Page Gobbler for Mac OSX App

PageGobbler for Mac


Page Gobbler was my first foray into Objective-C and the Xcode IDE. I was determined to learn enough to build a quality app worthy of acceptance into the official Apple App Store.

Page Gobbler is no longer available in the Mac App Store, because, despite making regular sales, the payouts were not worth the hassle of dealing with Apple.

All the same, I had a lot of fun drawing the Gobbler in Photoshop.


Just Drag a URL to Extract Links, Emails and Twitter Usernames

Page Gobbler OSX App Extracts Links, Emails and Twitter Usernames from Webpages

A Well-Fed Gobbler is a Happy Gobbler

Page Gobbler App After Extracting Data

An Unfed Gobbler Gets Cranky!

Page Gobbler OSX App Needs Data

Quickly Extract Twitter Usernames From a Webpage

Page Gobbler OSX Extracts Twitter Names

Quickly Write Any Extracted Data to a File

Mac OSX Data Extractor Tool

Key Features

  • Drag & Drop a URL from your browser to the app
  • Page Gobbler grabs links, e-mails and Twitter usernames
  • Passed Apple approval for sale in official app store
  • Sound effects & animations for added fun
  • Quickly write any extracted data to a file using page gobbler

Technical Details & Takeaways

Building Page Gobbler was an immensely satisfying experience. Despite multiple challenges, almost entirely with the App Store approval process and my proposed app names, I finally managed to get a stable and polished app into the Store for sale despite having never been exposed to Objective-C before.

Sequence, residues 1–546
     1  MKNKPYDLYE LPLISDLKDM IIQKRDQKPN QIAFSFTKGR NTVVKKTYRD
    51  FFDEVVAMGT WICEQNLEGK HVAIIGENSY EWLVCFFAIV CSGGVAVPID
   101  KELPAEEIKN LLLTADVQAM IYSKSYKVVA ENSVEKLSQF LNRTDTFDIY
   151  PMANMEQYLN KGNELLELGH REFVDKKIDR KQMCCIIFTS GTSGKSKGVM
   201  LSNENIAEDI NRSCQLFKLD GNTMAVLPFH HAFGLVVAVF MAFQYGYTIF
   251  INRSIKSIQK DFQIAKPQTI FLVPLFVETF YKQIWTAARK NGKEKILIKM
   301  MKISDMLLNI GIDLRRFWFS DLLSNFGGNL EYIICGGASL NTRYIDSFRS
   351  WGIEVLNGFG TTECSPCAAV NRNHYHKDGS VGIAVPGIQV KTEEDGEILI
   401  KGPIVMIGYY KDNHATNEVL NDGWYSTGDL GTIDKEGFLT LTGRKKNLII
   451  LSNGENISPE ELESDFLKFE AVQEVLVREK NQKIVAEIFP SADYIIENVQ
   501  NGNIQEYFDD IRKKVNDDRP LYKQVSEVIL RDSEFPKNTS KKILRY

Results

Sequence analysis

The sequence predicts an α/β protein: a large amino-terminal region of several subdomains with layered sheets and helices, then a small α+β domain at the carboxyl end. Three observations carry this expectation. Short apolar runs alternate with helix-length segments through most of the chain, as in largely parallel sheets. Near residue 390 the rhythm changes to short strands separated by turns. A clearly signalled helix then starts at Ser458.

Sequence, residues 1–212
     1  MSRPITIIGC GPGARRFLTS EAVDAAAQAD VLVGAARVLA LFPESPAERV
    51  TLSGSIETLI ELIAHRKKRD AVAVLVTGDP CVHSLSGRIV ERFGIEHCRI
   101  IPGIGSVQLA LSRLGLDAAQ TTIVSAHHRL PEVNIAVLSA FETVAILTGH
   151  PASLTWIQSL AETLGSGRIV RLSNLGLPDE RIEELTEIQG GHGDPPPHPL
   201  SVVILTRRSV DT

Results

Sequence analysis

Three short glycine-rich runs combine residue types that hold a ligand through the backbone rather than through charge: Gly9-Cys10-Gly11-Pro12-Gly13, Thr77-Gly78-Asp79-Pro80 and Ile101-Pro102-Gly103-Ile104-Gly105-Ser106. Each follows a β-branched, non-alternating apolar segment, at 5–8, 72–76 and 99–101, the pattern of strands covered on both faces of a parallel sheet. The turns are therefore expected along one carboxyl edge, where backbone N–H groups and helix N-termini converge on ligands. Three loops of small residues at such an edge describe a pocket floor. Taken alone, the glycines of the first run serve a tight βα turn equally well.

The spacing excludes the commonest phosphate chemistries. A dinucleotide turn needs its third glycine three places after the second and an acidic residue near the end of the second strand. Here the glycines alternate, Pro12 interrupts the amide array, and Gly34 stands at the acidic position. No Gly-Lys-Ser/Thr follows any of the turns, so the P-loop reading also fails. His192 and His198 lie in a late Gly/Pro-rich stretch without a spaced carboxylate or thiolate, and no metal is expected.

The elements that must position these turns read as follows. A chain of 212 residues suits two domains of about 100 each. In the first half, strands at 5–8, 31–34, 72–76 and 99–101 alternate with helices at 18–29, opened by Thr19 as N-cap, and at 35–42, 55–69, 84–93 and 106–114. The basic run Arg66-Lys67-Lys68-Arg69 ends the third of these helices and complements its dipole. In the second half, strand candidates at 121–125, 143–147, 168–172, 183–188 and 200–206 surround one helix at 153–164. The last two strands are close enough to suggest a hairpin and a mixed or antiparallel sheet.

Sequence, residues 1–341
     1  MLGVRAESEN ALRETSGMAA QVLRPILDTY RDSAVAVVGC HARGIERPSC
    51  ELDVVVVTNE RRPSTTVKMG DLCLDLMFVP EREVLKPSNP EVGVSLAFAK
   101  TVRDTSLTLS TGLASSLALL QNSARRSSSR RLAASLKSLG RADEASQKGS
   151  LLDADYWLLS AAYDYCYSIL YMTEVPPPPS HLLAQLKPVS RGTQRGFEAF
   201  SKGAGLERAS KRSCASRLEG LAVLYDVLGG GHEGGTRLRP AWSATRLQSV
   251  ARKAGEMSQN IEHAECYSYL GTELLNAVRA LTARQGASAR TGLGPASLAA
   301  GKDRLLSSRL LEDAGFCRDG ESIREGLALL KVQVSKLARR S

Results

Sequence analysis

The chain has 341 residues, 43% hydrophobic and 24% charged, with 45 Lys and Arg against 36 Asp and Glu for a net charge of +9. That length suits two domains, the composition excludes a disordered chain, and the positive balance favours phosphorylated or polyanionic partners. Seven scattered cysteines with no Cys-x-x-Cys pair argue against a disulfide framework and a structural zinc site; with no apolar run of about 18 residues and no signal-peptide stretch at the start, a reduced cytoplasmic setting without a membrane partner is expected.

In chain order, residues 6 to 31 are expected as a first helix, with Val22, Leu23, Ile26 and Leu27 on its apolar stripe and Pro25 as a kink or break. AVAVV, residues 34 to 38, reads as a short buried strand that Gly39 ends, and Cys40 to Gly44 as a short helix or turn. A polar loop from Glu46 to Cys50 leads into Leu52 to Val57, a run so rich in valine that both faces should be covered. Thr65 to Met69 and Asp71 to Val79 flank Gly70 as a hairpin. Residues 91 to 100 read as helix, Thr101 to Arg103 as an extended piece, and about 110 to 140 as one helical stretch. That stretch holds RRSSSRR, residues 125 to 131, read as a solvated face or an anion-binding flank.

The idea for Page Gobbler occurred to me while I was working at BrightContext since we often needed to extract large lists of Twitter Usernames to feed into our Big Data Processing system for further analysis.

Working with XCode was new and different. It had its frustrations and I found it to be an exceptionally opinionated piece of software, but ultimately I became comfortable enough with it to complete the production of Page Gobbler. It was thrilling to make the transition from web development to native development on the mac. When I finally had Page Gobbler stable and working well with all the kinks ironed out I felt immense satisfaction.

Working on Page Gobbler caused me to pay close attention to the very small but essential details that all work together to create the experience of a polished and solid app versus a hastily thrown together app. Minor things like terminating the entire program when a user clicks the red X to building Cocoa's Drag & Drop API into the app for ease of use work together to make Page Gobbler dead-simple and fun to use.

Once I got Page Gobbler into the App Store I built a node-powered marketing site to provide a quick demo of the app's functionality and to help drive sales and rank higher for related terms to increase sales.